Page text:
A fateful event leads to a job in the film business for top mixed-martial arts instructor Mike Terry. Though he refuses to participate in prize bouts, circumstances conspire to force him to consider entering such a competition.
In the US-government's special ops, Scott is a shooter, not a planner, doing the job without regard to quaint or obsolete convention. When a Harvard undergrad goes missing (the daughter of a US leader), it's Scott who applies the pressure, first to her boyfriend, then to a madam whose cathouse is the initial stop en route to a white slavery auction in Dubai. The abductors may not know the girl's identity, but once they figure it out, she's doomed. Deadly double crosses force Scott to become a planner. Through it all, earnest TV newscasters read the drivel they're handed. Written by
Many audiences became more familiar with the film after it's release on home video amidst the 2004 United States Presidential Campaign, due to Alexandra Kerry's supporting role as a bartender. Kerry's father, then-Massachussetts Senator John Kerry was running for President as the Democratic candidate. See more »
The gun used by Curtis to give Scott sniper cover at the seaside cabin is a Heckler & Koch MP-5. A submachine-gun meant for close-quarter combat. It is neither designed for, nor is ever used as, a sniper rifle. Its ammunition wouldn't even fly straight if shot through a window. See more »
You had your whole life to prepare for this moment. Why aren't you ready?
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I'm a fan of David Mamet's movies (both his and the ones he wrote the screenplay for) . "House of games " is one of the best movies ever made. Mamet's other contributions to cinema are great too (including "The Untouchables " and "Ronin" ). So , I was curious about this one . This time Mamet tries a political action thriller. The result ? Surprise , but a bad one.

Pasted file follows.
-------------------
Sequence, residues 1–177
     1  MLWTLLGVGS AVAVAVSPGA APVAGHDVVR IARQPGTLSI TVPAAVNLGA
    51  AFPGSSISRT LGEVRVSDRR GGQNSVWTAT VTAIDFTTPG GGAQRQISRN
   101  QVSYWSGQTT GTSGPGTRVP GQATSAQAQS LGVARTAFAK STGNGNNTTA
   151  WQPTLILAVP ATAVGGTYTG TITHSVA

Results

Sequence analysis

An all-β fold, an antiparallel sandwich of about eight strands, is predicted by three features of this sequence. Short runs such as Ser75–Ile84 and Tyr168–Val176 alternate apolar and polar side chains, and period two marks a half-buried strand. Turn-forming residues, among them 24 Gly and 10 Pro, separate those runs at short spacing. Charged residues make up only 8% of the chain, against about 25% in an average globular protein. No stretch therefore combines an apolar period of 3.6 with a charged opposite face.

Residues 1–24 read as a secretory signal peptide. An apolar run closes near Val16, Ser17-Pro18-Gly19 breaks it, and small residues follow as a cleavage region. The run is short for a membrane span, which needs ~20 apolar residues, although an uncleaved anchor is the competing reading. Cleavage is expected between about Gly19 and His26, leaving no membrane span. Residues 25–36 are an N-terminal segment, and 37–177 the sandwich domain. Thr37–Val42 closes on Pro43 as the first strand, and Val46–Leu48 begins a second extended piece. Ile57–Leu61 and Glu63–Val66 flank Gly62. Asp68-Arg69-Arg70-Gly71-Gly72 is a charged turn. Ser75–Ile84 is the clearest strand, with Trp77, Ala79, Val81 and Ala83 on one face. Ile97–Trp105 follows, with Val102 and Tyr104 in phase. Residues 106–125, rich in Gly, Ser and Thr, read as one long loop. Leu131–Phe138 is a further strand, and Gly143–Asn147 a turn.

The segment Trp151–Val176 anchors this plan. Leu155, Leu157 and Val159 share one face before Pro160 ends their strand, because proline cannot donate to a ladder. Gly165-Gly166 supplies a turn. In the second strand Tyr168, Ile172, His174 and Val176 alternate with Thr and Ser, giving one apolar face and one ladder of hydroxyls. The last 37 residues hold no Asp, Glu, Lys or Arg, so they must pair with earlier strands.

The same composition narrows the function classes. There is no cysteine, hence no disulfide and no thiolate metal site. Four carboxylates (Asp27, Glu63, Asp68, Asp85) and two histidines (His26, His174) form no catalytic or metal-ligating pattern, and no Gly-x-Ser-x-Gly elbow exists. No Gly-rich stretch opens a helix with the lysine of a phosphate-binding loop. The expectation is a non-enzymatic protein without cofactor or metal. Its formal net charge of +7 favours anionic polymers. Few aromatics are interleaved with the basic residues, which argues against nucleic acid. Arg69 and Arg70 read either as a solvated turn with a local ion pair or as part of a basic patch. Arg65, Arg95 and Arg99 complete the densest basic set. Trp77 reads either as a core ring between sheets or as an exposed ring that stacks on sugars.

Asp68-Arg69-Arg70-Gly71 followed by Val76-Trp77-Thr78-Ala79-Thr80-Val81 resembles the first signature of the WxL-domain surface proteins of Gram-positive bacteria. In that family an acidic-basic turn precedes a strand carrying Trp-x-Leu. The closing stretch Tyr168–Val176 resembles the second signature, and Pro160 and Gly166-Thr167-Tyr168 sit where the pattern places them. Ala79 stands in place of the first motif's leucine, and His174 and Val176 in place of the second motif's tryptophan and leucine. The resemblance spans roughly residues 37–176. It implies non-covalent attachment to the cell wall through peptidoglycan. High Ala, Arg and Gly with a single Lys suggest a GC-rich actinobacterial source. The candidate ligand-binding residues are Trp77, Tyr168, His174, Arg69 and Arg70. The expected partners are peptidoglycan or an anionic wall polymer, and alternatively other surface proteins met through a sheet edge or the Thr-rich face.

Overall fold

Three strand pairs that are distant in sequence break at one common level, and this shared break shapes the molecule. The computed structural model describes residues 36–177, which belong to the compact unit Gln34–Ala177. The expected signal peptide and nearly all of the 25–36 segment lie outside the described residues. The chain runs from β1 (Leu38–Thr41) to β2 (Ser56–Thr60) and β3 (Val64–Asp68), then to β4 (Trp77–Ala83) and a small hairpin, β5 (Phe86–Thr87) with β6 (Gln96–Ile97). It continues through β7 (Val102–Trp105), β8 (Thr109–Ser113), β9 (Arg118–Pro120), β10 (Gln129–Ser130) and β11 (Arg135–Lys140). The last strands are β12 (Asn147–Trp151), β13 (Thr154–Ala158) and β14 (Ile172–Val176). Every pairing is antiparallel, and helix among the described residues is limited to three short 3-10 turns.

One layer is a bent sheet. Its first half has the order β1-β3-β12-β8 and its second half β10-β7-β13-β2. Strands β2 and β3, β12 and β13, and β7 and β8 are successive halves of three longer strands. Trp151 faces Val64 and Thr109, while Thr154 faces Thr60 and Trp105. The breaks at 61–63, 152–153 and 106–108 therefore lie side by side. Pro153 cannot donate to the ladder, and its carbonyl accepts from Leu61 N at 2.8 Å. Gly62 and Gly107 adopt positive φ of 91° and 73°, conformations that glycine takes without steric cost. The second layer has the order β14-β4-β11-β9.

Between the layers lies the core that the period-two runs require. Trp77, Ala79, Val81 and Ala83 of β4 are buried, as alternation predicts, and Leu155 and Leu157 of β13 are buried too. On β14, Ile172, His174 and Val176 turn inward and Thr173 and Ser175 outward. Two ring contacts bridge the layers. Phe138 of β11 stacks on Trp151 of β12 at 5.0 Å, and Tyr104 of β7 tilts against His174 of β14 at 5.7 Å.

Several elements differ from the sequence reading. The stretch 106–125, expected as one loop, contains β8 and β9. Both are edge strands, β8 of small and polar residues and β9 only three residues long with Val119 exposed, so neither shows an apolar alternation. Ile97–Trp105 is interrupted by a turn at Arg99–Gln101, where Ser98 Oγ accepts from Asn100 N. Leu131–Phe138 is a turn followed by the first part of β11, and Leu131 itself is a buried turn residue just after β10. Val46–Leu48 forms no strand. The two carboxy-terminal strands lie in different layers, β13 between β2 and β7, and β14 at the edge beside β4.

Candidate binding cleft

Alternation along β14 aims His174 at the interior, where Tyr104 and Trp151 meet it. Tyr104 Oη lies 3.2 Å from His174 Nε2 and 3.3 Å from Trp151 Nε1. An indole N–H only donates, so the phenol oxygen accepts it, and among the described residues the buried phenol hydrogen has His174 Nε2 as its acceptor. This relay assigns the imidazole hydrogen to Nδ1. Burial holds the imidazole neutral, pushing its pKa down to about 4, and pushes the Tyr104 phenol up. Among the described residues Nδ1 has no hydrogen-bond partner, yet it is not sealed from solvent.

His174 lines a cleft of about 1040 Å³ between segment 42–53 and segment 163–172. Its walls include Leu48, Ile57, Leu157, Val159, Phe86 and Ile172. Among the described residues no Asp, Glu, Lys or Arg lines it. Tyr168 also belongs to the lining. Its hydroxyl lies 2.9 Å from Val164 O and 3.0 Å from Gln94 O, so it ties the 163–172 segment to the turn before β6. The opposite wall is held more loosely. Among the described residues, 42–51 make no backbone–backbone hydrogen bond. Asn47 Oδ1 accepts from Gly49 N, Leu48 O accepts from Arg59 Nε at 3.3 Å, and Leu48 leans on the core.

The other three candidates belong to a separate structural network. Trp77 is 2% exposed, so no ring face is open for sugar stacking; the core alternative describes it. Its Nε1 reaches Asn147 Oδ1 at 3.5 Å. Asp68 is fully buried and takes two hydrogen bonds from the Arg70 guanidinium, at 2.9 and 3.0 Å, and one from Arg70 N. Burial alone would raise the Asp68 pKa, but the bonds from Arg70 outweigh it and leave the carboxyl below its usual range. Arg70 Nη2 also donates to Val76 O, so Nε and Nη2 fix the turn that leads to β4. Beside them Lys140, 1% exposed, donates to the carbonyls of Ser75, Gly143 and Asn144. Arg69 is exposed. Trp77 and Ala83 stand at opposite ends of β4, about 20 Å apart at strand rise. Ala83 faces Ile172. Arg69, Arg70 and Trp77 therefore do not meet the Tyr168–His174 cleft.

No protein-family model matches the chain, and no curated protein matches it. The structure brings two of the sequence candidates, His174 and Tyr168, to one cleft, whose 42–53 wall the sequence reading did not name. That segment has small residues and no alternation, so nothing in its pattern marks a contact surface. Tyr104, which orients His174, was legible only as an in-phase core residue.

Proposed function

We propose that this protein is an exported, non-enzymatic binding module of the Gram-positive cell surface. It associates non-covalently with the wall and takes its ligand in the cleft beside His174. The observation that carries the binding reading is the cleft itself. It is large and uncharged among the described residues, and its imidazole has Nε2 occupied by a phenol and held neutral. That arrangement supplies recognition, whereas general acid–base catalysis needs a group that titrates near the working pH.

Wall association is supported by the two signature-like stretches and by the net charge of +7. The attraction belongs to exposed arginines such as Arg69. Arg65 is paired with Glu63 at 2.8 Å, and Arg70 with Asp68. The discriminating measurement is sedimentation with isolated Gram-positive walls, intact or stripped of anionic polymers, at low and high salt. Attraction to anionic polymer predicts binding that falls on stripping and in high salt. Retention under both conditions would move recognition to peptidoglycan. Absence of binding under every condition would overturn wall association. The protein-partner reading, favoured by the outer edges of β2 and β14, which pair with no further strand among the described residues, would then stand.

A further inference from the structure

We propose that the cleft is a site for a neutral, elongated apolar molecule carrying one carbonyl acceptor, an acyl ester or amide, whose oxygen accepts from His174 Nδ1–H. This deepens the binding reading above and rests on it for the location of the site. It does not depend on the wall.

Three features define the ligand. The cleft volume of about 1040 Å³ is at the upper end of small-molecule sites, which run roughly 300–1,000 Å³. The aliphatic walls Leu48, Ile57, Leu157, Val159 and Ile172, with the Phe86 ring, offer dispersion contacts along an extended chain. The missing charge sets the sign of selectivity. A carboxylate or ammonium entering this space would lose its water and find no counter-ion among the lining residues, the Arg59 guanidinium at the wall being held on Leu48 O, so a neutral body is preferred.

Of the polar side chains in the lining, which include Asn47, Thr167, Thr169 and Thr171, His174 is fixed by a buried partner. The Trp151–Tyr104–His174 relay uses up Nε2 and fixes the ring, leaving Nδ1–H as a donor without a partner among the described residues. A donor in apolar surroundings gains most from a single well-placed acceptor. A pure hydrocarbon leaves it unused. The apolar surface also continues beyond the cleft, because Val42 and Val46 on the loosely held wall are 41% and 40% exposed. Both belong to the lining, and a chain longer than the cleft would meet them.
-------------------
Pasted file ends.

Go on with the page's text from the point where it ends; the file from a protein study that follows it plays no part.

Mamet has always been a rather weak director . I admit that . Still , his flat sense of direction worked quite well in his movies , mostly because they were very theatrical from the nature of plot. Hell , I think that's why "House of games" has surrealistic , hypnotizing feel to it. The problem with "Spartan" is this is an action/thriller . All the action scenes here lack tension. They look like they were directed by amateur. The movie also never has any sense of entertainment . There isn't a moment when you feel that time is running out for our heroes.
What is more surprising is the rather bad plot . The story is very predictable and you don't have to be a genius to figure out most of the twists. Worse , some of the twists are rather forced (the sign , the scarecrow sitting on the chair when you need it ) . There is one really good twist at the end of movie , but on the other hand Mamet also throws a rather forced deus ex machina at the end.
The dialogue is also bad , very dour , very forgettable . It's surprising , because Mamet always crafts the dialogues very carefully . He knows how to write a stylish dialogue . Here the dialogues are purely informational.
The acting is good . Val Kilmer gives a really good performance , one of best in his entire career (along with "Tombstone" and "The Heat"). He plays his character just like he should (and could) play Batman all those years ago in "Batman forever" . Silent , brooding , tough and honorable. Kirsten Bell has a small , but good role in the movie . It was good to see Ed O'Neill ("Married with children") in a convincing serious role and William Macy is pleasure as always. Overall , the acting is the best thing in the movie.
I also like the bitter mood of the movie . The story here sadly feels like something that could happen in real life and it makes "Spartan" different than most Hollywood thrillers .
It doesn't change the fact that weak screenplay , bad dialogues and crappy direction make this one a misfire in Mamet's career . I give it 4/10.
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